Saturday, August 21, 2010

The Graduation

This was written in September of 2004, a couple of years after this event took place. My daughter was out of the country and I was feeling "like a mom" as I reflected on the journey she was taking.

I looked around and marveled that we were here. The large crowd of parents, brothers and sisters who had come to the auditorium for the ceremony milled around outside in the pleasant weather waiting for the doors to open. Some families had driven quite a distance to be here. Some waited under a large shade tree just a few yards away. Most of us stood on the steps of the auditorium entrance, wanting to be able to get the best seat possible.

I looked at my two children and my husband, who were patiently and anxiously waiting with me to go inside and see our oldest daughter, Christine. We hadn’t seen her for a few weeks. John, her 11-year little brother, wouldn’t admit to missing his big sister, but I could tell how excited he was about today. Elise was only 4 but all I heard on the way here was how she was going to give her “Sissy” a big hug!

The doors opened and the waiting families began moving through the doors, all of us craning our necks for a glimpse of our child.

We found our seats, managing to get close to the stage and on the aisle, so we could slip out and get pictures. The band was playing as we waited, the brass section predominantly featured in most of the musical selections.

A side door opened and our children marched in. When I finally spotted Christine, I couldn’t believe it. When had she grown up on me? This little girl, who I remembered as the 5-year old kid swiping my cookie dough when she thought I wasn’t looking, was suddenly a young woman, who was about to step into the real world and embark on her own life.

I was among those parents who took our cameras over to the group to get a snapshot. As we tried to get their attention, the graduates sat erect and focused, disciplined and in control. It was their day.

The speaker went to the stage and we scurried back to our seats. The speeches were short and the pomp and circumstance began. Our children were being called one by one to the stage. With military precision, the ceremony went off flawlessly.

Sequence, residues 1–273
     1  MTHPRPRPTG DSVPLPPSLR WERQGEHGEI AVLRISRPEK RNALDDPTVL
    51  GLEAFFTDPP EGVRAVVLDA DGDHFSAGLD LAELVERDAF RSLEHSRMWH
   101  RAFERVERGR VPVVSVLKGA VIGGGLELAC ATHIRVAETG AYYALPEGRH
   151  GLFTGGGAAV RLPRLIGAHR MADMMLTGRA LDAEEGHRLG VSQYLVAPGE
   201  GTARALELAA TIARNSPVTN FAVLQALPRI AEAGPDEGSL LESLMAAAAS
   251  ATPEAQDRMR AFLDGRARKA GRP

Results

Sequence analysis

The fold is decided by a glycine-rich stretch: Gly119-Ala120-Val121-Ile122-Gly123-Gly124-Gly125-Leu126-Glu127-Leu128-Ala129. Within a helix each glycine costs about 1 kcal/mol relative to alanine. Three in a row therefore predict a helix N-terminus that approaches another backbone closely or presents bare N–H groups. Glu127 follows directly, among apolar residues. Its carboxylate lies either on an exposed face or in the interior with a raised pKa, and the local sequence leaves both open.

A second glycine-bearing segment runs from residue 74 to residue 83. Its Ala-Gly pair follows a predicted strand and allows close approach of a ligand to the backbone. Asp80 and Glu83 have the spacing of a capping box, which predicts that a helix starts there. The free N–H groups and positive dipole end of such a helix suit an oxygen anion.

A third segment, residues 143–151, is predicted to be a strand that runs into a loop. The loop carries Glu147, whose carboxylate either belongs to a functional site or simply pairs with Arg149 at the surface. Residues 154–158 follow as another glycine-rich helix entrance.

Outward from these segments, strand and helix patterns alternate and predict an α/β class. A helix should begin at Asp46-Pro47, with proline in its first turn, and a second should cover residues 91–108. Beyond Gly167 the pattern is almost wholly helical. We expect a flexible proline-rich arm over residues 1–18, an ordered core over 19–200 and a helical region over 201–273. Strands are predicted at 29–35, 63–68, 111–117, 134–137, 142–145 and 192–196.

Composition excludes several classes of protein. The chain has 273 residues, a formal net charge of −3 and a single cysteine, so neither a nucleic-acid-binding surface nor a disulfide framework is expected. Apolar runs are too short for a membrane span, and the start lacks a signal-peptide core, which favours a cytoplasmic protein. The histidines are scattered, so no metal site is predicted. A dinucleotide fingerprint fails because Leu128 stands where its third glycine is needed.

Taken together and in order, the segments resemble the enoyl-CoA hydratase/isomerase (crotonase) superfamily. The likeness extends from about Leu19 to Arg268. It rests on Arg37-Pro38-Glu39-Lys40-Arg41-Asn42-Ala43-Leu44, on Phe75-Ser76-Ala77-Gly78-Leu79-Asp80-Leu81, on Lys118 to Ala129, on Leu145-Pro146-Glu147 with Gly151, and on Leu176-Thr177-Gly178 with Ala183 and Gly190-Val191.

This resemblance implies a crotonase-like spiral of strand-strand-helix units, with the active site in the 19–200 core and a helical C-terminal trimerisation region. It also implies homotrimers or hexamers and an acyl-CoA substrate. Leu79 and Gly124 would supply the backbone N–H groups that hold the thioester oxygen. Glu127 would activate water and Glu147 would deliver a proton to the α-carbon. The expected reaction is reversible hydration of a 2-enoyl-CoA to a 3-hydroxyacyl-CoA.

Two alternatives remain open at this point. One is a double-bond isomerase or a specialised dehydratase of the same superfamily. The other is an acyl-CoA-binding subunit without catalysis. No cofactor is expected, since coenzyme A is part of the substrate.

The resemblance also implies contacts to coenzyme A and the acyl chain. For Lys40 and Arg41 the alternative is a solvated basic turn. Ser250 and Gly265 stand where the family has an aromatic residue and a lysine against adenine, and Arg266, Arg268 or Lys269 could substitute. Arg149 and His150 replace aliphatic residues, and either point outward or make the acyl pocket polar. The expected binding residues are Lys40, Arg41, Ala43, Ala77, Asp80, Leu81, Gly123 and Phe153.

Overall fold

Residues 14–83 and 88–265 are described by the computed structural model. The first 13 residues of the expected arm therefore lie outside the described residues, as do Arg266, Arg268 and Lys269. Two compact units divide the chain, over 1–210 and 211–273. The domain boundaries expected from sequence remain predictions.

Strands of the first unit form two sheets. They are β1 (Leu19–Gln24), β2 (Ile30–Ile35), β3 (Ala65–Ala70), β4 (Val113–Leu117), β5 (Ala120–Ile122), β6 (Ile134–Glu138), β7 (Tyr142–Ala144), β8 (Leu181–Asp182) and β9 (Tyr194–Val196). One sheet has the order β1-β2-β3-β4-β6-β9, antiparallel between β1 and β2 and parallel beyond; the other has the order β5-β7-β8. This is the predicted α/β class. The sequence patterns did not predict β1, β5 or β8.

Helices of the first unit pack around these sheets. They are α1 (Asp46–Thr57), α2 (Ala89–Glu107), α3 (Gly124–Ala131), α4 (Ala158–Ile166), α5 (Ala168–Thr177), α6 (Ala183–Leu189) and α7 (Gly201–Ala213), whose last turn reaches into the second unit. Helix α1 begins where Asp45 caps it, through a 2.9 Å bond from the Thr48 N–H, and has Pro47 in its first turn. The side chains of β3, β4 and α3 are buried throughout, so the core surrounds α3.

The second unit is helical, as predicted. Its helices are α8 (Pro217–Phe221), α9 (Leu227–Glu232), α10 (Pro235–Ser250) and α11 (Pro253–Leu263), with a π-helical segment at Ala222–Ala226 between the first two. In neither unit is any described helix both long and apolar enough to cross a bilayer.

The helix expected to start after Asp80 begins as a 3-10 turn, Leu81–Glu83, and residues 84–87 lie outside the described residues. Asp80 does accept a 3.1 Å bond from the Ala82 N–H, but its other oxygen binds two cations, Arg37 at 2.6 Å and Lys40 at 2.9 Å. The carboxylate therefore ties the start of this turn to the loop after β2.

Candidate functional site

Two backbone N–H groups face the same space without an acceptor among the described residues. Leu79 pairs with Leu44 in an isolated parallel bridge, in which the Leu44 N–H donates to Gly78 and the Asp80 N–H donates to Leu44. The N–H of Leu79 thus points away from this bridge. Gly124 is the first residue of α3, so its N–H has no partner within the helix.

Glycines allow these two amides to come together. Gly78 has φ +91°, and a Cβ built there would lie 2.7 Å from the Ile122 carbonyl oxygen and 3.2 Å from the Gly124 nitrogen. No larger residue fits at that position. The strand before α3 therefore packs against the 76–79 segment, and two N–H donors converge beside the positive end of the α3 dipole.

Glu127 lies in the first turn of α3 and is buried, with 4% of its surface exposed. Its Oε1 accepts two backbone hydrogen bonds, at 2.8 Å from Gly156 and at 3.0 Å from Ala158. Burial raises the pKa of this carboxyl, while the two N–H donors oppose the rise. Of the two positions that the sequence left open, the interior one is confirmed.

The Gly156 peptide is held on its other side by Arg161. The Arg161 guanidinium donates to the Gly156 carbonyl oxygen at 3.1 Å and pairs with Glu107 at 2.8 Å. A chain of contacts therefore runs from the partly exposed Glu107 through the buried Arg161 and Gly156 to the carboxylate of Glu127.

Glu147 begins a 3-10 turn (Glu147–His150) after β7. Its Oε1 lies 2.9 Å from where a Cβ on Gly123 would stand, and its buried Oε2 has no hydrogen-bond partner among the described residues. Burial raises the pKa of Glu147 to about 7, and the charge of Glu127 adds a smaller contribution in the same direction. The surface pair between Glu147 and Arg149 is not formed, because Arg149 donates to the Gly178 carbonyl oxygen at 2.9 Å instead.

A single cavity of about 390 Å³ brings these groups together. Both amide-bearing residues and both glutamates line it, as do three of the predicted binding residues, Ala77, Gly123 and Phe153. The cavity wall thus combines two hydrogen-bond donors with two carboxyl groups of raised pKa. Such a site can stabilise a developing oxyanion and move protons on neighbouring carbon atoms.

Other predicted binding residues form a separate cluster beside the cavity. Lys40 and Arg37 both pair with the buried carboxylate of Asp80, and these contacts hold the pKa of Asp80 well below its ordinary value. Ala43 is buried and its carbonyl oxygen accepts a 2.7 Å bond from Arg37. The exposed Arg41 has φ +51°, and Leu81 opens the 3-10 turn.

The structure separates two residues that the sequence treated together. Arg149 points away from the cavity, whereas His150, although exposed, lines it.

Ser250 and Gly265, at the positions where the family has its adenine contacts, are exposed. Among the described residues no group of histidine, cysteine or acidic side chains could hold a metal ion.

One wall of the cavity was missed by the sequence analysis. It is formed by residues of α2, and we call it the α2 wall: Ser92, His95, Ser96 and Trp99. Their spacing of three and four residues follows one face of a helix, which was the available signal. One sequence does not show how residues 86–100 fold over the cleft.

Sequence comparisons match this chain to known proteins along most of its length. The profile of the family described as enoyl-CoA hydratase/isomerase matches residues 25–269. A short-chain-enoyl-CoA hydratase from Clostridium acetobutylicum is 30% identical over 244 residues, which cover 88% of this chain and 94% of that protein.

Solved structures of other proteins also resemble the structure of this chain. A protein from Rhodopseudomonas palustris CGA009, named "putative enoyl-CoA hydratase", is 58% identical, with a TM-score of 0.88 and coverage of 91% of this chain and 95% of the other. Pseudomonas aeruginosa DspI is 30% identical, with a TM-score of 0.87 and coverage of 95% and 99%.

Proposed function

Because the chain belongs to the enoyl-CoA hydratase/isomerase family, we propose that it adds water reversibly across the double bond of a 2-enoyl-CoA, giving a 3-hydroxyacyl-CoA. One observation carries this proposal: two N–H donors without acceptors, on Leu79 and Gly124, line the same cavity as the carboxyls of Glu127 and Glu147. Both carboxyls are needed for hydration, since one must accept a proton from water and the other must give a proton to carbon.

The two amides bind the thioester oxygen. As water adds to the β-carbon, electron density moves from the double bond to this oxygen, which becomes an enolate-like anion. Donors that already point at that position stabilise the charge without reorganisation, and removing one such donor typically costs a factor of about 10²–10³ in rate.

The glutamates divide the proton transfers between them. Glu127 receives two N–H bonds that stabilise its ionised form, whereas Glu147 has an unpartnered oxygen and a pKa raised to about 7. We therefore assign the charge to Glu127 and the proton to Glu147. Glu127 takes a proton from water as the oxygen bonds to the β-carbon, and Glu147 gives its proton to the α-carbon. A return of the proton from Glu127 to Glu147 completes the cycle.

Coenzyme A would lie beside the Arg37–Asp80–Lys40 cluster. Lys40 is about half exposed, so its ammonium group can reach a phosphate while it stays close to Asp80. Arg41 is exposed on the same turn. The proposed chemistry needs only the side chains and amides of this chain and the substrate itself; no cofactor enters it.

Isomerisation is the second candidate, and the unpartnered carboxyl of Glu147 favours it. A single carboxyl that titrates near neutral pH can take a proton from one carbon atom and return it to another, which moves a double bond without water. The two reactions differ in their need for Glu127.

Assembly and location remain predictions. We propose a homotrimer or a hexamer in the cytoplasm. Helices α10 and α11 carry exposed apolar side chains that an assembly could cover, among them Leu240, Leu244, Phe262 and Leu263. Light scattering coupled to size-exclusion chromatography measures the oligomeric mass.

Two by two, parents slowly approached the stage with cameras in hand to get a close up of their child as they crossed that invisible threshold from child to adult. When we saw Christine ready to walk across the stage, we left Elise with her big brother, and my husband, Phil, and I took our cameras to the front. Phil stood closer to the center of the stage and I positioned myself at the side so I could capture a picture of her as she descended the stairs.

As she marched across the stage, I marveled at the subtle yet very noticeable change in her in just a few short weeks. She wasn’t that little girl I had hugged and waved good-bye to just 6 short weeks before as she began this journey. I could see the confidence in her walk as she marched across the stage. I was so enthralled with watching her that I almost forgot to snap the picture. But we got our pictures and returned to our seats. As I sat down, I tried to blink back the tears but I wasn’t doing a very good job. Suddenly Phil’s arm is in front of me, his handkerchief in his hand. I took it gratefully and return his knowing smile with thanks. Wiping my mom-tears, I welcomed his arm around my shoulder as he gave me a squeeze.

The ceremony concluded and the brass-heavy band played one last tune. The graduates were dismissed and with trained precision, they marched out of the auditorium.

My daughter had done more than graduate. She had just completed her six weeks of basic training.

My daughter was now a member of the United States Army.

Army life is not for the faint of heart. It is for those who are proud, determined and dedicated to the ideals we hold dear.
----David G. White; Deputy Chief, Well-Being Division

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